Unfortunately the success relies on two basic practices:
- The driver must take extra time to ‘LOOK OUT’ for motorcycles and give extra time to allow motorcycles to pass, if appropriate. The driver must consider motorcycles always and must take the time to assess the road traffic conditions and not emerge from a junction with just a quick glance or in some cases not even look properly.
- The rider must ride at an appropriate speed and at a correct position in the road to either stop before any hazard that develops or allow extra space and time to either stop or avoid the hazard or ride in a manner that gives the driver the best possible chance to ‘SEE’ the rider.
This can be achieved by the rider riding with a slower appropriate speed, being prepared for
drivers to emerge in front of their path…so cover the brakes, and choosing a road position away
from the junction, thus giving optimum spacing and the best view for the rider and driver
to see each other.
If a rider is also able to change their position on the road, then they become a ‘moving object’
which is a lot easier to see than a ‘static object’ . Some practitioners even suggest the rider
perform a weaving riding motion when approaching a junction, however this must be considered
very carefully as it may destabilise the motorcycle and also give a misleading impression to
other road users.
If these two practices are routinely adopted then incorporating High Visibility will be marginally successful in providing an extra safety layer, however only in those conditions as described above.
One other key factor is the rider themselves. What effect does the wearing of High Vis’ have on the rider’s mentality and approach to riding?
This is a double edged sword!
The rider may routinely wear High Vis’ with the false opinion that it makes them safe whilst riding. If the rider ignores safer riding practices and is not actively looking for hazards then they are not engaging in a safety culture, thus the mere wearing of High Vis’ will have little or no effect.
The rider may routinely wear High Vis’ and this is a small part of a safety culture that the rider has adopted when riding. The major factor in accident avoidance is the safety culture and approach to riding, and not the mere wearing of bright yellow or orange etc.
In everyday motorcycle accidents that the emergency services deal with, it is highly improbable to definitively say that an accident was caused by the rider not wearing bright coloured or High Visibility clothing. In fact, there is no evidence to suggest this at all, however in certain circumstances a driver may say that they did not see or were not aware of the rider prior to the accident occurring. In these situations, it might be very easy to conclude that if the rider had been wearing High Vis then the driver would have seen them and the accident might have been avoided…but that is a big if!
There is also no evidence to suggest that accidents have been avoided because the rider has been wearing High Vis’. If no accident occurred, then there is nothing to report,, then there is no data to collect. However, it is a fact that the majority of motorcyclists that are involved in accidents have not worn High Vis’.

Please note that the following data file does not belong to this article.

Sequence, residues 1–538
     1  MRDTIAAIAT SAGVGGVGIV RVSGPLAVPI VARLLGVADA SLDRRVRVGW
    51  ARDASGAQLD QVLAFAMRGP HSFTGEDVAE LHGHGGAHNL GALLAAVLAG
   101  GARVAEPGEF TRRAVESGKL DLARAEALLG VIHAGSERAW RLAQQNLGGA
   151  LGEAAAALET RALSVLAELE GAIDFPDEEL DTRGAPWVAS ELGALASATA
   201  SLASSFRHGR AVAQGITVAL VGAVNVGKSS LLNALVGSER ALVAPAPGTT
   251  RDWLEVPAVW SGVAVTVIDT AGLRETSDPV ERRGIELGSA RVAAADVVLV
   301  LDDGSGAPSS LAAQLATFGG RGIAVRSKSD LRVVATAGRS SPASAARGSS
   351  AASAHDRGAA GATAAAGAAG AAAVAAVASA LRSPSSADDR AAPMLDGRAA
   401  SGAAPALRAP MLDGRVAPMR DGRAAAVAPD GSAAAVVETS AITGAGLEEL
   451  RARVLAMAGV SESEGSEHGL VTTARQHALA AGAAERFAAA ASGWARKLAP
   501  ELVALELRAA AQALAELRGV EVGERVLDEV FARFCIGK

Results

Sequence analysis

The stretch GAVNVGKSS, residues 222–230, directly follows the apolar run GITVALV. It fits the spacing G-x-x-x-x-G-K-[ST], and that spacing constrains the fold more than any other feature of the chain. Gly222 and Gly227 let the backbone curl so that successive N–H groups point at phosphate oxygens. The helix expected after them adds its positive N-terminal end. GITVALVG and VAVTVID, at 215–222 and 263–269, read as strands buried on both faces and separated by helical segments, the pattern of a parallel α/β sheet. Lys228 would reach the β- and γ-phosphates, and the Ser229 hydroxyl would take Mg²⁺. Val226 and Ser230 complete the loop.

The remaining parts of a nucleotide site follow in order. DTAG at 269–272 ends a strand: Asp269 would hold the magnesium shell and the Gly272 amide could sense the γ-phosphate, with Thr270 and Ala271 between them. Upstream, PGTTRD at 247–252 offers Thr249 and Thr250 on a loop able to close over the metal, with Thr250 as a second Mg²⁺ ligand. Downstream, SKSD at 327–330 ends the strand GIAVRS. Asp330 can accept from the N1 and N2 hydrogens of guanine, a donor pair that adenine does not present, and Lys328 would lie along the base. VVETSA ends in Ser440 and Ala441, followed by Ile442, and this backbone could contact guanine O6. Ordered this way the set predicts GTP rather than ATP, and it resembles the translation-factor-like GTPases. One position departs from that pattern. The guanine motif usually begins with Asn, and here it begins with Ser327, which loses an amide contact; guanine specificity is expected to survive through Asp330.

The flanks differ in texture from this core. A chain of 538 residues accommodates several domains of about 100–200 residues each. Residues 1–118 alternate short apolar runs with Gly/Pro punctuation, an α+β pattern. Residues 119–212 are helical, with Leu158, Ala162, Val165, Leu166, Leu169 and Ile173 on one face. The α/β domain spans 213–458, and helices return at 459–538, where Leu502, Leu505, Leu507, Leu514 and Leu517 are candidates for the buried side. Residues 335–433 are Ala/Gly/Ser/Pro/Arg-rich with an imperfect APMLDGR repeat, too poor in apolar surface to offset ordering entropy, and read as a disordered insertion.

This may be due to three reasons.
Firstly; the rider who wears High Vis’ Clothing is more likely to have adopted a safer riding practice, and hence is less likely to be involved in an accident.
Secondly; As more and more riders begin to wear high visibility/reflective clothing, the more motorcycle accidents will involve them. It is probably too early in the High Vis’ vs Accident timeline to see this variable.
Thirdly; Drivers do actually see riders more either because of the bright colours or because various safety campaigns actually are making drivers more aware of motorcyclists.
The great High Visibility debate will continue for some time yet, and whilst certain authorities and states may wish to make the wearing of it mandatory, this should be considered as a proven net benefit, prior to any implementation.
The reality is that High Visibility Clothing for motorcyclists may assist the driver to see a rider, but this is not always the case and there is no evidence that suggests accidents are avoided because of it.
Bright colours do not necessarily prevent accidents occurring, moreover it is a combination of safer driving and riding practices which will have the greatest affect.
Reflective colours do work well in the dark and low light conditions, as do riding with lights on in the same conditions or at night, but it should be incorporated in a safety culture.
There will be those that are very much in favour and those that are very much against the compulsory wearing of High Visibility/Reflective Clothing when riding a motorcycle and all have varying reasons for these beliefs.
Whilst it may appear that High Vis’ will be safer for riders, there lacks evidence to categorically state that accidents will be reduced and overall safety will be increased by the wearing of it.
More emphasis should be placed on improved initial and recurrent training for drivers and riders on safer driving/riding practices.